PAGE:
Advertisement against a tragic event is a delicate calculation for American companies. Do they recognize the opportunity and call for charges from opportunists? Are they silent and in danger of escaping their reach or are they not patriotic? What is the boundary between celebration and commercialization?
On Saturday, during a break from an afternoon football game, Budweiser celebrates the 20th anniversary of the 9/11 terrorist attacks with an announcement of a team of Clydesdale horses riding a red Budweiser wagon across the Brooklyn Bridge and a road. to drive. . . In the last image, the horses, standing on the grass at Liberty State Park in Jersey City, N.J., lower their heads toward the city skyline, where the Tribute in Light installation is visible against the dusky sky.
The 60-second ad, which appeared on YouTube Friday, is an updated version of Budweiser’s “Respect” ad, which first appeared during the 2002 Super Bowl, five months after the attacks. The company reposted the announcement in its 10th year of existence in 2011.
The new announcement will appear on CBS’s broadcast of the college football showdown between the Air Force Falcons and the future Navy and again on Fox tonight during the New York Yankees-New York Mets baseball game.
“By releasing the film in moderation, we preserve the importance of the day and really give the respect that lost people deserve,” said Daniel Blake, vice president of marketing for Budweiser’s parent company, Anheuser-Busch InBev.
To make its first commercial reference on Sept. 11, shortly after the attacks, Budweiser received special permission from Congress and Rudolph Giuliani, New York City’s mayor at the time, to send a helicopter to cross the city’s Clydesdales intersection. . to the skyline of Liberty State Park.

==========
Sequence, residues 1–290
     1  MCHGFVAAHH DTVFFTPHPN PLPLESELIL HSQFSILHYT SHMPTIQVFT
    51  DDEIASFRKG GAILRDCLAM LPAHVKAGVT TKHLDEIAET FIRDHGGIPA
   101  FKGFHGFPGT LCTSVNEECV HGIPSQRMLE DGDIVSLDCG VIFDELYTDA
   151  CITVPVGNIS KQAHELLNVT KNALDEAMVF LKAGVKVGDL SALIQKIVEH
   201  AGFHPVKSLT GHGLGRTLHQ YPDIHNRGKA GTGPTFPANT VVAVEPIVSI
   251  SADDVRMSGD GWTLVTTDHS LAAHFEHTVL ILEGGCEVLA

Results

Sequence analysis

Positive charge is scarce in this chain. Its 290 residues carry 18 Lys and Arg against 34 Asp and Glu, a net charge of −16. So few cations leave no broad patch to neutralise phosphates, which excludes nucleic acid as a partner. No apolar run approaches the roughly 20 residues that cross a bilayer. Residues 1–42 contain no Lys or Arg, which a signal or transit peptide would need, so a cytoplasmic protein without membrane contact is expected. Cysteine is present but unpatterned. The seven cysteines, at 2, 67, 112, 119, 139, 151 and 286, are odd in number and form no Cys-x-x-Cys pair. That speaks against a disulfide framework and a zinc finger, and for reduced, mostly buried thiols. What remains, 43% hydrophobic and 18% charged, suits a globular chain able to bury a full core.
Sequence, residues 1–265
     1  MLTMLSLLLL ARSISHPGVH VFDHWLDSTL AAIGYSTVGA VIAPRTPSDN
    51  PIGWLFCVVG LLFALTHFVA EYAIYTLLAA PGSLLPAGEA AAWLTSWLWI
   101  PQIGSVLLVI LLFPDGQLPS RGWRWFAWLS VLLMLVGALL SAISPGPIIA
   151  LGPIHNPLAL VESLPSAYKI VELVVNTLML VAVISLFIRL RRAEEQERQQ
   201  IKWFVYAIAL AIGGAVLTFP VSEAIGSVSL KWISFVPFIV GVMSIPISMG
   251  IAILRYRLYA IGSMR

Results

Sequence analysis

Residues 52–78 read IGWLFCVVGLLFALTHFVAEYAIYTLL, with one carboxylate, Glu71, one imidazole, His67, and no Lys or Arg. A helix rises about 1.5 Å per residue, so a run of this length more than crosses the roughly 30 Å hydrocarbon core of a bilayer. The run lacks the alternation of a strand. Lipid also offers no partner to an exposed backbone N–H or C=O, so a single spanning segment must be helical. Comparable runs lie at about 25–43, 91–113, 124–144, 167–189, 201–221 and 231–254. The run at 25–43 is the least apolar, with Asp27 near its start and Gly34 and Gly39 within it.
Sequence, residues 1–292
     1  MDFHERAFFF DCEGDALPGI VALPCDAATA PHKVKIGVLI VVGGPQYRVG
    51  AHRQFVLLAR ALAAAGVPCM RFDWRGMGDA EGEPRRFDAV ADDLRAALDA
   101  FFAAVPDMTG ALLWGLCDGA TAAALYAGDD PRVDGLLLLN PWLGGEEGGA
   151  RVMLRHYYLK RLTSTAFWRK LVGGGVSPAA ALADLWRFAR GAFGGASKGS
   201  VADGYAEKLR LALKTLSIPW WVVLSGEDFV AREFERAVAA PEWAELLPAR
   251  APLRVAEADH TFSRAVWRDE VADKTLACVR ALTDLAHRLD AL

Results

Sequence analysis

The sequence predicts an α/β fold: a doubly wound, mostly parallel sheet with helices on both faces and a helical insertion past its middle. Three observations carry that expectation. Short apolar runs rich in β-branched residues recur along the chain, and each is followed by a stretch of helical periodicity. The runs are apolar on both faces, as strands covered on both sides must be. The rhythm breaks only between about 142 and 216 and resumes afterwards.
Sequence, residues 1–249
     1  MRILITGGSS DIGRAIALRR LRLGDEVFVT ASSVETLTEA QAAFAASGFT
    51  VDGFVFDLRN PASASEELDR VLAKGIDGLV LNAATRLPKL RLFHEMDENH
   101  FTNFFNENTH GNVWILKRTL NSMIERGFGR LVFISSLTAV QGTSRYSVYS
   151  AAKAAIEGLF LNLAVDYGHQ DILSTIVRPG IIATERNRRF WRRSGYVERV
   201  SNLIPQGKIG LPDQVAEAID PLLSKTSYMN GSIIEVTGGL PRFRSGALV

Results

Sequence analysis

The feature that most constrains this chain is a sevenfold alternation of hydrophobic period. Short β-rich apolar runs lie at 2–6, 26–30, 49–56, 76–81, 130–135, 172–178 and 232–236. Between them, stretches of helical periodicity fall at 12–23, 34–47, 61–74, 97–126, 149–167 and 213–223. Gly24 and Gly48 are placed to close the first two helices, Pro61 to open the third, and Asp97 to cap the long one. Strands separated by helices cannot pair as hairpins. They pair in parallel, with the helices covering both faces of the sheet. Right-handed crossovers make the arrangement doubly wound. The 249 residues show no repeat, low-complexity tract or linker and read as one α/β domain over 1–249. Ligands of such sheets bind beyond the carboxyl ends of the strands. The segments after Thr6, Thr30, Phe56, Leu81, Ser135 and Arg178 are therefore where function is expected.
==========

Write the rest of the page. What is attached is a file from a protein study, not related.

The new version ends with a message in white letters on a black background playing a rousing melody: “Twenty years later we will never forget”. The company logo is then displayed for seven seconds, along with on-screen mentions of the 9/11 Memorial & Museum and the Never Forget Fund. There is no story on the screen.
“Obviously we wanted to do it in a really subtle way, but it’s important to make sure people know where the film is coming from and who’s making it,” says Blake.
Budweiser is one of several companies that have placed or used ads to commemorate the tragic day in American history. In 2011, there was a well-received ad for State Farm, run by Spike Lee, featuring children serving New York firefighters with “Empire State of Mind.”
The announcement was withdrawn on Thursday, said Ted Wietecha, a spokesperson for Dish Network, the parent company of Sling TV. The company apologized to viewers, he said in an email.
“The timing and placement of this particular announcement should not have happened,” he said. “While we use keyword blocking to purchase digital, TV, and streaming ads, we have the ability to withhold ads during certain seasons and times of the day.
MSNBC released the ad-free documentary “Memory Box: Echoes of 9/11” this week. A spokesperson said in an email that “the importance of story and content far exceeds the commercialization of this program,” adding that the network may consider selling ad space during reruns.